The properties of certain polymers make them good choices for a variety of medical devices.
Raj Singh, BMP Medical
Selecting the correct medical-grade plastic for a medical device or component is a critical decision in manufacturing the perfect part.
Polymers have long been considered to have a significant advantage over metals for medical applications. That’s because the isotonic saline solution that comprises the body’s extracellular fluid is extremely hostile to metals but is not normally associated with the degradation of many synthetic high-molecular-weight polymers.
Polymers are typically classified into three groups.
- Thermoplastics — linear or branched polymers that can be melted and molded using conventional techniques. If reheated, wax can be molded into a different shape.
- Thermosets — cross-linked polymers that are normally rigid and intractable. They consist of a 3D molecular network and cannot be re-melted. They degrade rather than melt upon heating.
- Elastomers — rubbers that can be stretched to extension and will spring back when the stress is released.
By weight, thermoplastics represent 90% of all plastic used worldwide. Unlike most thermoset plastics, thermoplastics may be processed without any serious losses of properties. Here are some of the most common thermoplastics used in medical device injection molding:
Also called polythene, polyethylene can be formulated in high or low densities. It is cost-effective, impact- and corrosion-resistant, absorbs little water and retains its overall performance and structural integrity after frequent sterilization cycles. A porous synthetic polymer, polyethylene is biologically inert, does not degrade in the body and is often used in medical implants.
Polypropylene is a white, mechanically rugged material with a high chemical resistance. It is resistant to stress, cracking, impact and fatigue and has a high melting point. Polypropylene is commonly used to manufacture disposable syringes, membranes for membrane oxygenators, connectors, finger-joint prostheses, non-absorbable sutures, reusable plastic containers, pharmacy prescription bottles and clear bags.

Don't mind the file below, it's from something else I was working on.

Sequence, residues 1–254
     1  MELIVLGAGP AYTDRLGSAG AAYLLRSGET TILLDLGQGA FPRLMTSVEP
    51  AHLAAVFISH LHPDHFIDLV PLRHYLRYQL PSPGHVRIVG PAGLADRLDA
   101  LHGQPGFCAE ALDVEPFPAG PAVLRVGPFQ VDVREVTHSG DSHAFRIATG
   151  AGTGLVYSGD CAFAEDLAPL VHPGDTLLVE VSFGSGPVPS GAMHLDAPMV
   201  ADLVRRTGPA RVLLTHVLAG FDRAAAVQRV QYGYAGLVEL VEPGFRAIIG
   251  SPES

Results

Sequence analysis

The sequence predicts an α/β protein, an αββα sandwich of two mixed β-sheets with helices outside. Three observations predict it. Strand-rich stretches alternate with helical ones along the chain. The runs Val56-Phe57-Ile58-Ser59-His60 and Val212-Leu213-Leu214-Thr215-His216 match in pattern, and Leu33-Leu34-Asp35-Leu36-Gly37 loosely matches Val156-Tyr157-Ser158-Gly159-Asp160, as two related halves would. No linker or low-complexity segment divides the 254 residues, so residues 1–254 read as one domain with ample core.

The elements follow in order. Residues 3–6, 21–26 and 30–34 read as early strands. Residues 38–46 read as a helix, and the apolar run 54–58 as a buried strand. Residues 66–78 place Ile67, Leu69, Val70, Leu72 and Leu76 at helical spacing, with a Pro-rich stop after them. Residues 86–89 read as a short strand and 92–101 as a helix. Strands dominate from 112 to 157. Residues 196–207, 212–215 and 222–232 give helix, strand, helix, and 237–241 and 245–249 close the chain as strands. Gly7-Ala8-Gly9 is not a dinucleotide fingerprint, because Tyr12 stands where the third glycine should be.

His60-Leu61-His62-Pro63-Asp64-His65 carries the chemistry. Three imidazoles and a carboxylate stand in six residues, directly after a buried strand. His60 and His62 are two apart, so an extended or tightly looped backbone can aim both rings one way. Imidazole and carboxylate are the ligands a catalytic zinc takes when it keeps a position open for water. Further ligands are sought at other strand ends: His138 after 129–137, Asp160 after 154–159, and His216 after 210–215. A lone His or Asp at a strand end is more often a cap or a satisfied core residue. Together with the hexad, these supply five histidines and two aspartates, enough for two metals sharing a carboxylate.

Polymethyl methacrylate (PMMA) is a synthetic resin that offers transparency, toughness, rigidity and an almost perfect transmission of visible light. An ideal substitute for glass, it can keep a beam of light reflected within its surfaces and is frequently made into optical fibers for telecommunication and endoscopy.
Polyvinyl chloride (PVC) is produced in two general forms, as a rigid or unplasticized polymer (RPVC), and as a flexible plastic. Flexible PVC is commonly used in areas where a sterile environment is a priority, and in some cases as a replacement for rubber. PVC is dense, inexpensive and readily available. Rigid PVC is very hard and has extremely good tensile strength. PVC is commonly used to manufacture disposable devices for hemodialysis or hemoperfusion, as well as tubing, cardiac catheters, blood bags and artificial limb materials.
Polyamide, or nylon, is a synthetic thermoplastic polymer that is often used as a substitute for weaker metals because of its strength, inflexible nature, temperature resilience and chemical compatibility. Polyamide is good for CNC machining, injection molding and 3D printing. It can be conditioned or combined with other materials to improve its overall strength and is a good option for parts that see a lot of wear and tear. It resists most chemicals but can be tricky to mold and is expensive.
Acrylonitrile butadiene styrene (ABS)
ABS is commonly used in part production and 3D-print manufacturing for OEMs. Its impact- and heat resistance and rigidity make it a good engineering plastic or substitute for metals in structural parts. It can be injection-molded, blow-molded, or extruded, melted and reshaped, and sterilized by gamma radiation or ethylene oxide (EtO). Common uses are non-absorbable sutures, tendon prostheses, drug-delivery systems and tracheal tubes.
Polycarbonate is naturally transparent and offers good UV protection. It is a good alternative to glass, relatively shatterproof, and medical grades can be sterilized using steam at 120 °C, gamma radiation or (EtO). Polycarbonate is lightweight, offers chemical-, electrical-, heat- and impact-resistance, stability and high performance.
Raj Singh is technical manager for BMP Medical.
The opinions expressed in this blog post are the author’s only and do not necessarily reflect those of Medical Design and Outsourcing or its employees.